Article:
While this is a paid review, all the opinions and thoughts are solely mine and thoroughly truthful.
I was giving the privilege of reviewing a juvenile fiction book called Innocent War.
It was written by Susan Violante and published in 2011.
Born and raised in Venezuela from Italian immigrants, Susan completed a BA degree in Political and Administrative Cs. before moving to the US.
Although she has built a career as a Business Analyst / Accountant, she also has kept herself active as a Freelance writer in the US.
Innocent War is based during World War II. It is written from the perspective of a boy who lives in the Italian colonies of Tripoli Libya. I have read many books and watched many books regarding World War II, but this is the first one that I have ever read from the perspective of an Italian–much less an Italian living in North Africa.
Nino experiences hunger, treacherous bombings, arrests and disappearances of neighbors, an arduous trek through the desert to find his dad, hopping from place of “safety” to the next and all that a young man about to turn 12 experiences. He must help his mamma take care of his little sister, and he uses his problem solving skills to bring a little extra food to the table.
What I liked about Innocent War
- The perspective of an Italian during the war and the innocence that was stripped from him. And yet, he still maintained a little naivety. Maybe he was in denial, but the horrors of war stunned and scarred him and yet he still had a good heart.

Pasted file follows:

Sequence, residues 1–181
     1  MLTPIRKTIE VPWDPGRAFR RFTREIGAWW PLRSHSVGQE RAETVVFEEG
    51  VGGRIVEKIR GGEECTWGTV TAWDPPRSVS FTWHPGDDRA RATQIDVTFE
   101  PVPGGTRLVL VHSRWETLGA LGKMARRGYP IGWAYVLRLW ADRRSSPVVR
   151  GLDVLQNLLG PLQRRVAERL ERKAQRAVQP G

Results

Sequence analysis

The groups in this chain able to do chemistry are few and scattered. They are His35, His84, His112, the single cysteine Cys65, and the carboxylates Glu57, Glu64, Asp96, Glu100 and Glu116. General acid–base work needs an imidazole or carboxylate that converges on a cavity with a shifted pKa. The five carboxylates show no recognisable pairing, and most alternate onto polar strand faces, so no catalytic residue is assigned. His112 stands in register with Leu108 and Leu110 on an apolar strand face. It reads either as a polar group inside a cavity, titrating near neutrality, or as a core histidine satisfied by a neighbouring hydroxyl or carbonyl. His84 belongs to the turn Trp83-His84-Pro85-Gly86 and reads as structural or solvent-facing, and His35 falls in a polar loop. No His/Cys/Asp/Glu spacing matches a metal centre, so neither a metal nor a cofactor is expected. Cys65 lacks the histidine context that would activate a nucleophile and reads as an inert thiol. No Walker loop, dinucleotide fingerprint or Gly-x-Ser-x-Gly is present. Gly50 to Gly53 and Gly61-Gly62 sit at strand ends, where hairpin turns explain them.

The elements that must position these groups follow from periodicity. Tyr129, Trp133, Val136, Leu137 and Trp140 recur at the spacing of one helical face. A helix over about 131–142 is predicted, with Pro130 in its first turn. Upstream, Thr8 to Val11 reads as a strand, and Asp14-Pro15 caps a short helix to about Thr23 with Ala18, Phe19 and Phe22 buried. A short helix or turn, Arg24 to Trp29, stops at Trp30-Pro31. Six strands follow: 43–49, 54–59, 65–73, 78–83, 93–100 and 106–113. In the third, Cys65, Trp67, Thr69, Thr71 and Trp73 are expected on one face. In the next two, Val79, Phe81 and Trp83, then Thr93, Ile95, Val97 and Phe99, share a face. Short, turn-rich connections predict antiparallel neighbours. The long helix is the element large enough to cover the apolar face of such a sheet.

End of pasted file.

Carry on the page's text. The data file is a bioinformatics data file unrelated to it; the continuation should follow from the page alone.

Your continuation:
- His mamma was a very strong and determined and kind woman–taking in a young jewess who not only was an extra mouth to feed but a danger to their family if they were found out.
- I couldn’t put it down. I just want to know what Nino was going to experience next. It was like I was actually hearing an 11 year old tell me his story.
- The marketing should be focused on literature for boys and young men. It’s really written well for boys to read.
- Some of the phrases and paragraphs were bit simplistic: some unnecessary details were added. On the trek across the desert, we are told about every progression of the suitcases. It didn’t make the story move along. It was just an extra piece of information.